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There are many ways to help protect your loved ones from scams.
Follow our guide to find out how you can keep them safe.
We all have people we care about. At times, they may need help to look after their money or to get out and about.
Sadly, this could leave them open to fraudsters or even somebody closer to home.
To help with day-to-day chores, like shopping or banking, try to get a few people you and your loved one trust.
They could be family or friends, or you could hire a carer. If you share responsibility it stops one person from having total control of a person’s money or life.
Talk to your loved one about keeping their money and bank account details safe. The following tips can prevent any issues of trust with a carer or anyone who helps.
Your loved one should be the only person to use their bank account, Internet Banking and bank card. If it's a joint account then both holders should have their own user ID and password.
You can get straight forward, impartial advice on how to avoid scams from Take Five.
You can report a crime or get general advice from Action Fraud. They help banks and other companies combat fraud.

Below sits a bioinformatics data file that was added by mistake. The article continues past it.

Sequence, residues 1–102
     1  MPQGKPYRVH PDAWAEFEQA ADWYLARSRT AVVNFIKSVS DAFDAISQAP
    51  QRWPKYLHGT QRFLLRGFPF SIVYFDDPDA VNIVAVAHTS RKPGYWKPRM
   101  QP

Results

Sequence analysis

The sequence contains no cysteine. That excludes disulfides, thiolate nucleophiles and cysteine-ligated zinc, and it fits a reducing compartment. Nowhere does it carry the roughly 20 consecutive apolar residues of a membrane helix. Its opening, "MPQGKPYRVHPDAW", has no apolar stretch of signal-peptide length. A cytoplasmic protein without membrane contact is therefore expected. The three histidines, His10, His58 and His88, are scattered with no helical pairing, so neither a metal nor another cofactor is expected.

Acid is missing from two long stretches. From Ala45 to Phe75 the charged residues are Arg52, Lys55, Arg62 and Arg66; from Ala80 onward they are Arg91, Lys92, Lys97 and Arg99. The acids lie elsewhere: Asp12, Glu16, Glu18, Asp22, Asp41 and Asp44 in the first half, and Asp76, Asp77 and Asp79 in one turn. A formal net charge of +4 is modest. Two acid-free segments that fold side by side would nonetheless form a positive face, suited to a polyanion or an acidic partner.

They offer advice on how to keep yourself and your devices safe from fraud.
UK Finance is there to support customers and to help make sure it's safe to bank.
The PRA is part of the Bank of England. Their role is to make sure banks act safely and reduce the chance of them losing money.
The FCA is there to make sure banks work well so customers are protected and get a fair deal.
CIFAS can help to protect your identity. They can stop fraudsters from using your details to apply for things in your name.
This is a government site that gives advice on how to stay safe online.
This is part of the FCA site. You can use it to check on an investment or pension deals to help you avoid scams.
Bank of Scotland does not control the content of any of the websites linked to on this page.